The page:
Insurers using publicly reported quality data
Insurers using publicly reported quality data
Payers offer top hospitals public, financial benefits
A growing number of health insurers is using publicly reported quality data to reward the best-performing hospitals, both publicly and financially. Horizon Blue Cross Blue Shield of New Jersey and the Leapfrog Group have launched a program offering hospitals financial and public recognition for high-quality hospital care, tied to the JCAHO and CMS measures.
"Quality managers need to be prepared to incorporate the growing set of standardized measures for health care performance into their internal benchmarking as well as in public reporting programs," says Suzanne Delbanco, PhD, CEO of the Leapfrog Group.
Horizon Blue Cross Blue Shield of New Jersey is the only plan with which Leapfrog is offering its Horizon Recognition to all its contracted hospitals, but the program is at work in various smaller formats in Memphis, TN; Seattle; southeast Michigan; and Raleigh-Durham, NC.
The Horizon Recognition program can be customized for local markets, and many markets beyond New Jersey are considering implementation of this program, as part of a growing trend to award financial and public recognition for high-quality hospital care, says Delbanco.
Determining reimbursement based on quality, best practices, and positive outcomes is a growing trend, says Thomas W. Rubino, director of public affairs for Horizon Blue Cross Blue Shield of New Jersey. "Most likely, other states will soon have similar programs," he says.
This is a positive development for hospital-based quality professionals, who often are viewed as "expendable, expensive" resources, says Rubino. "When cuts to administrative overhead expenses are under consideration, this program demonstrates in a very real way — more revenue — the value these professionals and their programs and initiatives can and do add to the hospital's bottom line," he says.
The best performers will be rewarded with public recognition, which can increase a hospital's market share of patients, as well as financial awards. The performance measures for which it is appropriate to adjust for the severity of the patient's condition have been severity adjusted.
"For each clinical area, length-of-stay averages are standardized for disease severity, weighted and inflated by the rate of readmission following discharges," says Rubino. "An overall composite resource efficiency score for the clinical area is calculated."
Methodist Le Bonheur Healthcare, a seven-hospital system based in Memphis, is participating in both CMS and Leapfrog. "We are a big proponent of transparency and share our data with a variety of organizations," says Donna Abney, the organization's executive vice president. "With the CMS demonstration project, we wanted to run with the fastest players and knew some of the best hospitals in the country would be entering."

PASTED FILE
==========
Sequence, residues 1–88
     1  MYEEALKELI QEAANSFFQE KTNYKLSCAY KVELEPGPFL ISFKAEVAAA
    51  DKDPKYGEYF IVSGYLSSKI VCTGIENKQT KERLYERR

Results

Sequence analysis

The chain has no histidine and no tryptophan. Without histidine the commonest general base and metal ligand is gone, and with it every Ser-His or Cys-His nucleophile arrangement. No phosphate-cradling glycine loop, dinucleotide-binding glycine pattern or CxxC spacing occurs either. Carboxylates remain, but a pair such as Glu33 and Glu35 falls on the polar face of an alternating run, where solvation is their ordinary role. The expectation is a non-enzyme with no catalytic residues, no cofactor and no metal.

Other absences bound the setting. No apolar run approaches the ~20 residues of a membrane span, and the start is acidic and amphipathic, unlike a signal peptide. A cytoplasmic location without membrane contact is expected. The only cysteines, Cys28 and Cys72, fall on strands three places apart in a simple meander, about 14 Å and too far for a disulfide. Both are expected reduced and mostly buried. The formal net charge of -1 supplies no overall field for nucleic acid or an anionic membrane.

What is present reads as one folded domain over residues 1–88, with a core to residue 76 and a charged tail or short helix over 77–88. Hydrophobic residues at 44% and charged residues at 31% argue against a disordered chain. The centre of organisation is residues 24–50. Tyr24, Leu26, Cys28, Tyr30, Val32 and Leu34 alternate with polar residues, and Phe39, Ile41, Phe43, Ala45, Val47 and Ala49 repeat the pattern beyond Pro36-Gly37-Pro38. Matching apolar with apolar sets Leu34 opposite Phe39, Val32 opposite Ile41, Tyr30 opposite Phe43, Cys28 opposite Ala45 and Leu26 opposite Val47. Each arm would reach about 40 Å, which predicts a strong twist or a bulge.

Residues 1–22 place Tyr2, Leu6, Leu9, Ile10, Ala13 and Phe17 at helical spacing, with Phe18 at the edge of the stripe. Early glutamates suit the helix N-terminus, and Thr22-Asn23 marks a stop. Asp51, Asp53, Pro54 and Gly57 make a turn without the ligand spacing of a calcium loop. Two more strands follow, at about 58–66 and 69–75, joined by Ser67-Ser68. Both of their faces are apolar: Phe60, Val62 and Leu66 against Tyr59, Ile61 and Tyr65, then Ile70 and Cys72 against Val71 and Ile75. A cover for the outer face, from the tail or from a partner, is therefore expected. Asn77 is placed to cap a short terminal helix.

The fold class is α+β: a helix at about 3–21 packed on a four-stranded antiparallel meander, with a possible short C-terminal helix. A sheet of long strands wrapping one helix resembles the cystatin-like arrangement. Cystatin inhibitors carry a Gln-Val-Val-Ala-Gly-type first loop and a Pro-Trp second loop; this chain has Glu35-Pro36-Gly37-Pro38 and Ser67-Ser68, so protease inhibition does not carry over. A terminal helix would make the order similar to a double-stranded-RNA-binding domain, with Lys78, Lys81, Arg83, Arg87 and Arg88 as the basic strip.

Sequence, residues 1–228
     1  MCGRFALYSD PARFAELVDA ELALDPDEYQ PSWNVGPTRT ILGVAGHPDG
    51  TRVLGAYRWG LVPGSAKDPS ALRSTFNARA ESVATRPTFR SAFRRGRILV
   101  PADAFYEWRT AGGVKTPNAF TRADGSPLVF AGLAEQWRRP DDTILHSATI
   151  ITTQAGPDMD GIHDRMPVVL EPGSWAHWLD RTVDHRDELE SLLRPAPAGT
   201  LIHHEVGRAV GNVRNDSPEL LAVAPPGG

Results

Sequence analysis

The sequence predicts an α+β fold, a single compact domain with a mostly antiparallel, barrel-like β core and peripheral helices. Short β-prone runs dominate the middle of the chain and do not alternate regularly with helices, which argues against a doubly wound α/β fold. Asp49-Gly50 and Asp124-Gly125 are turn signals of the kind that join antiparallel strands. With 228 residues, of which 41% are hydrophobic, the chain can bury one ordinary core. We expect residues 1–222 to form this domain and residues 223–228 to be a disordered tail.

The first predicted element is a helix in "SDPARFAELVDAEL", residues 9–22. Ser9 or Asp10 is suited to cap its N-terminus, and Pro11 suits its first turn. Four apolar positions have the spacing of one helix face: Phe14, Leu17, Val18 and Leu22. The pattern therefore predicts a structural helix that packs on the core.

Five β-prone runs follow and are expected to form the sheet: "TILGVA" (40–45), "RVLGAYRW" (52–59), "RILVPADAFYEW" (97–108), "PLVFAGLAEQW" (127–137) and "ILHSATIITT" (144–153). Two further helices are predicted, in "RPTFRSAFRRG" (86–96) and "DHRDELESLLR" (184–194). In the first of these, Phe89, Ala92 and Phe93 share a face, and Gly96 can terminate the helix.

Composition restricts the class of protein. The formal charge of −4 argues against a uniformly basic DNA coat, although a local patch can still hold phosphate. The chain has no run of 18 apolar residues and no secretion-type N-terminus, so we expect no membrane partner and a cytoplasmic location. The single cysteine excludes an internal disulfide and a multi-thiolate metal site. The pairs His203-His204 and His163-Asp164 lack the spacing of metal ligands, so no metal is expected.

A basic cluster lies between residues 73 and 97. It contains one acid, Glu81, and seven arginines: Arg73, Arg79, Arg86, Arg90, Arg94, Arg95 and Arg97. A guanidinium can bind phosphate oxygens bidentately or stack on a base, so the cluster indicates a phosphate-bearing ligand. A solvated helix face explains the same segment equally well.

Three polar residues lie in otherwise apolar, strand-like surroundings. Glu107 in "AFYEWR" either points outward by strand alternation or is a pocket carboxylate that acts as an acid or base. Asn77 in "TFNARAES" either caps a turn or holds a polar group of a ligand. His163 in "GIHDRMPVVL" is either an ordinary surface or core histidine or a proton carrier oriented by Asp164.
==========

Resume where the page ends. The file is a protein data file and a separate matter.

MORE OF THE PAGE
With Leapfrog, the organization's goal is to bring skilled professionals from other industries in order to apply quality improvement lessons to health care. The Memphis Business Group on Health is organizing several health plans in that market to use the Leapfrog measures as the foundation of their hospital recognition and reward efforts. The group was an early adopter of the Leapfrog program and now serves as an intermediary between the business community and local hospitals.
"They serve as a forum, where we as a hospital provider and Federal Express as a purchaser can sit at the same table and talk about process design or business problems," says Abney. "We are very fortunate to have a broker that creates an environment for us to have that kind of dialogue on a regular basis."
The organization is still in the beginning stages of its first data exchange with Leapfrog but has already met with executives from Federal Express. "They in particular have been very amenable to come in and work with us on specific problems, not necessarily tied to pay for performance," says Abney. "What we hope to get out of it is improvement. We are interested in anything that helps us do a better job."
The organization takes full advantage of knowing where it stands in comparison to its competitors, says Abney. "When we get a blueprint or map that says, Methodist Healthcare, here's where you are, and here's where someone else is, we immediately go to those benchmark hospitals and try to deconstruct what they do differently," says Abney.
Quality leaders ask: Do they use the same tools? Are they training people the same way? Are their underlying clinical processes the same or different?